Of course, the current generation of UAVs are only of any use where their owners have complete control of the air. A Reaper can’t outrun even the most rudimentary ground-to-air missiles. Work is underway in the US, the UK and in Europe on next-generation combat UAVs, which will have stealthy attributes to make them harder to detect, and will use jet engines rather than propellers, giving them a better chance of taking evasive action and getting out of the danger zone more quickly.
Even then, UAVs are not going to be able to deal with every surveillance task that comes along. The biggest UAV on the market today – Northrop Grumman’s Global Hawk – isn’t big enough to carry a radar such as the one used on an Awacs. And sometimes there’s no better or quicker method of analysing the data than by having someone on board doing the job there and then.
Lockheed Martin SR -72
After the SR-71 was retired in the 1990s, there appeared to be a gaping hole in America’s ability to get aerial surveillance imagery from difficult and dangerous parts of the world. Aviation geeks began a hunt for the SR-71’s successor, and efforts focused on an aircraft called Aurora – named after a mystery line-item in a Pentagon budget.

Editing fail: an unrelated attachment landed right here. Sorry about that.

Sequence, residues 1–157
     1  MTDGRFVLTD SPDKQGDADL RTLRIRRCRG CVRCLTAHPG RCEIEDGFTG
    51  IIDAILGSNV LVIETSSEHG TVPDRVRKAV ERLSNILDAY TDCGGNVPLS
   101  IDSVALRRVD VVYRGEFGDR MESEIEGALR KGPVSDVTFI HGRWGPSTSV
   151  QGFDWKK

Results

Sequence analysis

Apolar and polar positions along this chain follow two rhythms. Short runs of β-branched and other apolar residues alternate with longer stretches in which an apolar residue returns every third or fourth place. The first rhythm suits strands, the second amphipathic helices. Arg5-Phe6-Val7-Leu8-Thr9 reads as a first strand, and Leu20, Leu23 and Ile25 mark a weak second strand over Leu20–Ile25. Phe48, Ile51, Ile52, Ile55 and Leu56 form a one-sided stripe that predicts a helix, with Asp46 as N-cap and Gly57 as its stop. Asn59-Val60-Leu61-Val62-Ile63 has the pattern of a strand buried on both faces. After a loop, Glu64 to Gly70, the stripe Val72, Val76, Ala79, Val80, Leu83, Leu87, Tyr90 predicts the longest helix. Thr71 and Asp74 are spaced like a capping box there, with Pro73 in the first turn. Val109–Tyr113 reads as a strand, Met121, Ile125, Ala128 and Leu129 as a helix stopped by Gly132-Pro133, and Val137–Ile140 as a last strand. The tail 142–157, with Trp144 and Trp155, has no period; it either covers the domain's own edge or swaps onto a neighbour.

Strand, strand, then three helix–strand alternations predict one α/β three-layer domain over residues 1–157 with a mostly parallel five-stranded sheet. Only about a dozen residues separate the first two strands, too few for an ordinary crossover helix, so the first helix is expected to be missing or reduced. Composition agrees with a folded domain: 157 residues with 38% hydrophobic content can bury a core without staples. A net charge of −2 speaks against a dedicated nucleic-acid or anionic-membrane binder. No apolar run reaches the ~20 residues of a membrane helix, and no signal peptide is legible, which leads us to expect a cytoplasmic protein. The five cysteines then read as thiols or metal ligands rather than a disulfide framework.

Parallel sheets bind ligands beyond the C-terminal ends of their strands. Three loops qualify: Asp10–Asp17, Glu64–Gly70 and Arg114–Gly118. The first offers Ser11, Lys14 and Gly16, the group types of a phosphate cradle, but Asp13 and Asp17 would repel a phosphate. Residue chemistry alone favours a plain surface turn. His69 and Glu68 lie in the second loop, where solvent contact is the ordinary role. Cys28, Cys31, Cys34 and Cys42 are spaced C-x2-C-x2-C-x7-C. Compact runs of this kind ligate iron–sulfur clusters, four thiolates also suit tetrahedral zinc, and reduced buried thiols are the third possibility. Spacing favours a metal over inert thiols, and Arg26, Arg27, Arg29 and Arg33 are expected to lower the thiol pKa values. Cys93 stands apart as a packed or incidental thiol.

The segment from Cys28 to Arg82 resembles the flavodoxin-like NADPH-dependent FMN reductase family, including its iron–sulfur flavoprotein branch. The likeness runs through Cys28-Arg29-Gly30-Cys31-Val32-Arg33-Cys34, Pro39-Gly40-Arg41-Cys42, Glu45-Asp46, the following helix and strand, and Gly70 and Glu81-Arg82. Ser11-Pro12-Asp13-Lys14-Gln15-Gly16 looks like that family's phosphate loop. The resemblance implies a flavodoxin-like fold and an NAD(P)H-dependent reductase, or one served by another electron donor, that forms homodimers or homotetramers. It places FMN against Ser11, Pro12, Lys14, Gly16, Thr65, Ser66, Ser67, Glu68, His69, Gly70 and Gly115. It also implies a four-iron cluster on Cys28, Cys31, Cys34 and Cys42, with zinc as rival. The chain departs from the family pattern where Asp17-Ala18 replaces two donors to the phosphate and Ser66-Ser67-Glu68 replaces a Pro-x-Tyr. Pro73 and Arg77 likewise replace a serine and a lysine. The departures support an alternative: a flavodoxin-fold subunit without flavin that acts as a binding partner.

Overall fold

There were claimed sightings, and unsubstantiated rumours – but no conclusive evidence was ever produced. Instead, aerial surveillance development appears to have concentrated on satellites, which can now take pictures as detailed as those from aircraft – though they take a much longer time to launch and, once in orbit, are very difficult to reposition. So it was a genuine shock when, last November, Aviation Week published a world-exclusive story from deep within Lockheed Martin’s advanced-projects division, the Skunk Works. The same design house Kelly Johnson had established to build the U-2 was back with a new proposal, and it was so clearly the successor to the SR-71 in both its proposed role and its sleek, black, futuristic look, that the company was calling it the SR-72.